In contrast, promoting high school graduation can make populations more likely to volunteer, vote, and be involved in social aspects of the community (Hankivsky, 2008). Studies in Canada have proven the impact that education has on civic engagement. Hankivsky (2008) demonstrated that in rural areas, a person with a university degree is more than twice as likely to volunteer as those who leave high school before graduating. In addition to giving back to the community and voting, education positively impacts social and mental well-being, including self-esteem, good health, marital stability, safety financial support, job satisfaction, ability to plan for the future, and ability to socialize (Fortin, 2016). It is proven that increasing education attainment encourages a healthier lifestyle and participation in the community, therefore not only benefiting the individual but also the society they live in (OECD, 2012).
 Food insecurity is defined as inadequate access to food due to financial constraints.
Brooks-Gunn, J., Duncan, G.J., Klebanov, P.K., & Sealand, N. (1993). Do neighborhoods influence child and adolescent development? American Journal of Sociology, 99, 353-395.
Brooks-Gunn, J., & Duncan, G.J. (1997). The effects of poverty on children. Children and Poverty, 7(2), 55 71.
Canadian Council on Learning. (2009). No drop in the bucket: The high costs of dropping out. Prepared by the Canadian Council on Learning.
CBC. (2009). High school dropouts cost social and justice system $1.3B a year: Study. Retrieved from: https://www.cbc.ca/news/canada/high-school-dropouts-cost-social-and-justice-%20system-1-3b-a-year-study-1.862489
Clay, R.A. (2015). Fighting poverty: New research is finding ways to help people overcome poverty and avoid the mental and psychical problems associated with low socioeconomic status. American Psychological Association, pp. 77-81.
De Civita, M., Pagani, L., Vitaro, F., & Tremblay, R.E. (2004). The role of maternal educational aspirations in mediating the risk of income source on academic failure in children from persistently poor families. Children and Youth Services Review, 26, 749 –769.
Duncan, G.J., Ziol-Guest, K.M., & Kalil, A. (2010). Early‐childhood poverty and adult attainment, behavior, and health. Child Development, 81(1), 306-325.
Fortin, P. (2016). L’obtention d’un diplôme d’études secondaires rapporte un demi-million de dollars au diplômé. Université du Québec à Montréal (UQAM). Retrieved from https://www.reseaureussitemontreal.ca/wp-content/uploads/2016/04/PFortin_Decrochage_Texte_0316_demimillion.pdf
Galster, G., Marcotte, D.E., Mandell, M., & Augstine, N. (2007). The influence of neighborhood poverty during childhood on fertility, education, and earnings outcomes. Housing Studies, 22, 723-751.
Gilmore, J. (2010). Tendances du taux de décrochage et des résultats sur le marché du travail des jeunes décrocheurs. Statistics Canada.
Gravel, R., Aubin, J-F, Cowell-Poitras, J, Daigneault, D, Toutant, M. (2013). L’emploi pour lutter contre la pauvreté : les défis à relever. Québec : Gouvernement du Québec.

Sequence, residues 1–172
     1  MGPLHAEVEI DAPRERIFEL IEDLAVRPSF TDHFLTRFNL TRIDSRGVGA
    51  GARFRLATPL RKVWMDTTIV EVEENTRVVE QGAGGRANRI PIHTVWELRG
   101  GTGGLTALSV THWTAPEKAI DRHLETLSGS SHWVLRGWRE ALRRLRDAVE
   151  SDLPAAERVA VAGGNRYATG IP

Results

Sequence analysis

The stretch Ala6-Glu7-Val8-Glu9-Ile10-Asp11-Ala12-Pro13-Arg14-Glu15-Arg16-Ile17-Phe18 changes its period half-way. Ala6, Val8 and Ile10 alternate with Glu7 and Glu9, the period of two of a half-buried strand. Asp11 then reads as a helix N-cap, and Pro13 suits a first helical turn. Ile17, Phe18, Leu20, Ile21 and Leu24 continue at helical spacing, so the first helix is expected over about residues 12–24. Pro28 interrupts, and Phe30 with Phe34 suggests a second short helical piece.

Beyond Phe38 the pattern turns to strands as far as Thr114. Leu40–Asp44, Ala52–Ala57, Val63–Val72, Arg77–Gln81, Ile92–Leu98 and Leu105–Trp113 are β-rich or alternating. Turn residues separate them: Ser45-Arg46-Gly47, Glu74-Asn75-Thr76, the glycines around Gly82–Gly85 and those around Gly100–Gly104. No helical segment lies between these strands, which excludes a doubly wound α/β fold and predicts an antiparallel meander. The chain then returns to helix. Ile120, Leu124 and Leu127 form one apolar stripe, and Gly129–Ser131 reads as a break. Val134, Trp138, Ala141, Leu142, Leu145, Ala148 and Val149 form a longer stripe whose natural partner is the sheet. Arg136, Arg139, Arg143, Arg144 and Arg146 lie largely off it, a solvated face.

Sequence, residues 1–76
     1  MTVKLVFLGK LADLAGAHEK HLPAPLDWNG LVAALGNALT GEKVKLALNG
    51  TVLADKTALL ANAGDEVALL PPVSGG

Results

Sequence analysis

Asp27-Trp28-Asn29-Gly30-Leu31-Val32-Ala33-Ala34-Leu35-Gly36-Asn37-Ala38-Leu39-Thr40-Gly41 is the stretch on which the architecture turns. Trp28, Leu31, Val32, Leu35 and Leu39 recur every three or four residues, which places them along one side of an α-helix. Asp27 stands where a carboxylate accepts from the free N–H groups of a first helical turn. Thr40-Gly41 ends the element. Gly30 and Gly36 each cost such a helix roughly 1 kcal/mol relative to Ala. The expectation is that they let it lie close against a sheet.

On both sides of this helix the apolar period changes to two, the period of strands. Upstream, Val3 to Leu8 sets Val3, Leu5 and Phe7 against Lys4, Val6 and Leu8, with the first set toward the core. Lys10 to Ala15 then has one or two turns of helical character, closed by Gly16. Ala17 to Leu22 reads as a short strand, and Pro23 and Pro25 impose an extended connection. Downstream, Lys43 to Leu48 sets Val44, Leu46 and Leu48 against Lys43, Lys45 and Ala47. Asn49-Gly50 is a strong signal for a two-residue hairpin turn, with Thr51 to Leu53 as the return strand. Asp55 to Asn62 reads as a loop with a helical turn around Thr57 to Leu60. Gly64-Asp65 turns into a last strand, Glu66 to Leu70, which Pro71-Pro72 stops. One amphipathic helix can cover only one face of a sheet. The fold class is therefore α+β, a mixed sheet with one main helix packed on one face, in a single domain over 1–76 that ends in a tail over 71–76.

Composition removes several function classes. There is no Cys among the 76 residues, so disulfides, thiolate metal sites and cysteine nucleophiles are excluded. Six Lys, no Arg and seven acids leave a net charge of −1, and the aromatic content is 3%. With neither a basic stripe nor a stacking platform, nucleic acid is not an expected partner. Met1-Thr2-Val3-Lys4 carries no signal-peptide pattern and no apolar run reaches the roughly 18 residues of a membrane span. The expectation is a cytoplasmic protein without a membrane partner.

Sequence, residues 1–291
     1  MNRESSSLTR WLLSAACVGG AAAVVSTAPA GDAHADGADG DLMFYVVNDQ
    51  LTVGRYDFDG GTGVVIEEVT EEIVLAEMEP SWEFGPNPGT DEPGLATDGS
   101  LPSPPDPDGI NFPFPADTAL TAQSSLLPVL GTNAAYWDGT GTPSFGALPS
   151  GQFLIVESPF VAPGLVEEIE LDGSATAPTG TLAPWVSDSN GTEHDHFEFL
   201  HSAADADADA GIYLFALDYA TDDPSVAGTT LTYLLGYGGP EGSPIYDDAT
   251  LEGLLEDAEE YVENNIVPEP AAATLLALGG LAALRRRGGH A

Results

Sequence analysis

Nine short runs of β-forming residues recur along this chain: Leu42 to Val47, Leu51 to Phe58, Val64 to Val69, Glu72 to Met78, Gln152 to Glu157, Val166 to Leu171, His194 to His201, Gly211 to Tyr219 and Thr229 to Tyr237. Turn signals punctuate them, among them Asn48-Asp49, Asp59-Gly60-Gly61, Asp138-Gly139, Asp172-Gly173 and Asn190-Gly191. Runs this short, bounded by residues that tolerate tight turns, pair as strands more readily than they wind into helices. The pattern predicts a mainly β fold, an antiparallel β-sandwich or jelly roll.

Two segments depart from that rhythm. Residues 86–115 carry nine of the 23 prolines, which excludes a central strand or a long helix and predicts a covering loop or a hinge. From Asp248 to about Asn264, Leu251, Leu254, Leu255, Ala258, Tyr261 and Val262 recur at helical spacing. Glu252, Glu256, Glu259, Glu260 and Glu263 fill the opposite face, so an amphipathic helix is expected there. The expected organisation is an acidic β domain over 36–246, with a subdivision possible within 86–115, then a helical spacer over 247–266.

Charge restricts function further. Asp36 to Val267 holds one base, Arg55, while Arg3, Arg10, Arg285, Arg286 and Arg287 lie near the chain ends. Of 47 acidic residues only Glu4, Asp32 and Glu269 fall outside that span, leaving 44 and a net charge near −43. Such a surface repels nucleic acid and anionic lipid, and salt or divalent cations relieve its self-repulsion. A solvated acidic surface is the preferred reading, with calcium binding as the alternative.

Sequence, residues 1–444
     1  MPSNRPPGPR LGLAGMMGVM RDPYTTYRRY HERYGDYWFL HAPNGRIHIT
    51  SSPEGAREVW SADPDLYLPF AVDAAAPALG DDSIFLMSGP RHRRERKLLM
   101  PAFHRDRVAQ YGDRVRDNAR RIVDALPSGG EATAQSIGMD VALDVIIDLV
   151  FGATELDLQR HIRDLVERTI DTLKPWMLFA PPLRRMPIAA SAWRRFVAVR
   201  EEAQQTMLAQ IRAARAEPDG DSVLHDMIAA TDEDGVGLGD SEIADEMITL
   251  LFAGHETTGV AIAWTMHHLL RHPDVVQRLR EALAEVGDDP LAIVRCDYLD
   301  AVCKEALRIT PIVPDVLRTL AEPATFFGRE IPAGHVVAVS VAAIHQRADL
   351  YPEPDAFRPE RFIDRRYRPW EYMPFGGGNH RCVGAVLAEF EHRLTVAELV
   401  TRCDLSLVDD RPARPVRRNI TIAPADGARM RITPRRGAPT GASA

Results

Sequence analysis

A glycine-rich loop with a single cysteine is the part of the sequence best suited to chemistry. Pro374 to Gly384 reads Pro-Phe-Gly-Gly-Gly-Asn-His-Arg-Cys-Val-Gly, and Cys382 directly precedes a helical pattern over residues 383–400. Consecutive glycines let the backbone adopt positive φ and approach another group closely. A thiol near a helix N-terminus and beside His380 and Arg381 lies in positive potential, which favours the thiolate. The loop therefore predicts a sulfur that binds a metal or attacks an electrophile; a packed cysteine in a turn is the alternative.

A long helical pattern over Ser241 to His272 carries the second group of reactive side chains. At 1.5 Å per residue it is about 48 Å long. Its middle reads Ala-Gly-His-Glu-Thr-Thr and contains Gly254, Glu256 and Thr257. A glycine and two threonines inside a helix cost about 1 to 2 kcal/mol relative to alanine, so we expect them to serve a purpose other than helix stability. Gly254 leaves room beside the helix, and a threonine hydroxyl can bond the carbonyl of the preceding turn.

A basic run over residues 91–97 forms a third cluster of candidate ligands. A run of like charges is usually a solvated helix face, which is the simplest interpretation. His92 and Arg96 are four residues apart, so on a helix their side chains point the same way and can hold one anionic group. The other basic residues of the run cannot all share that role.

Hankivsky, O. (2008). Cost estimates of dropping out of high school in Canada. Prepared for Canadian Council on Learning, 1-85.
Kirkpatrick, S. I., & Tarasuk, V. (2009). Food insecurity and participation in community food programs among low-income Toronto families. Canadian Journal of Public Health, 100(2), 135-139.
Levin, B. (1995). Educational responses to poverty. Canadian Journal of Education, 20(2), 211-224.
Lyche, C.S. (2010). Taking on the completion challenge: A Literature review on policies to prevent dropout and early school leaving. Organization for Econmic Co-operation and Development.
McArthur-Gupta, A. (2019). The economic case for investing in education. The Conference Board of Canada.
OECD. (2012). Equity and quality in education: Supporting disadvantaged students and schools. Paris: OECD Publishing. Retrieved from: https://dx.doi.org/10.1787/9789264130852-en
Statistics Canada. (2008). Earnings and incomes of Canadians over the past quarter century, 2006 census. Ottawa: Statistics Canada, 97-563-X.
Statistics Canada. (2013). Selected Demographic, Sociocultural, Education and Labour Characteristics. Ottawa: Statistics Canada, 99-014-X2011043.
Tilleczek, K., Ferguson, B., Roth Edney, D., Rummens, A., Boydell, K., & Mueller, M. (2011). A contemporary study with early school leavers: Pathways and social processes of leaving high school. Canadian Journal of Family and Youth, 3(1), 1-39.
Toronto Foundation. (2016). Toronto’s vital signs : 2016 report. Toronto, ON : Toronto Foundation.
Toronto Public Health. (2016). A healthy city for all : 2016 annual report. Toronto, ON: Toronto Public Health.
Tyler, J.H., & Lofstrom, M. (2009). Finishing high school: Alternative pathways and dropout recovery. The Future of Children / Centre for the Future of Children, 19(1), 77-103.
Uppal, S. (2017). Young men and women without a high school diploma. Statistics Canada. Retrieved from: https://www150.statcan.gc.ca/n1/en/pub/75-006-x/2017001/article/14824-eng.pdf?st=lxuD-d9D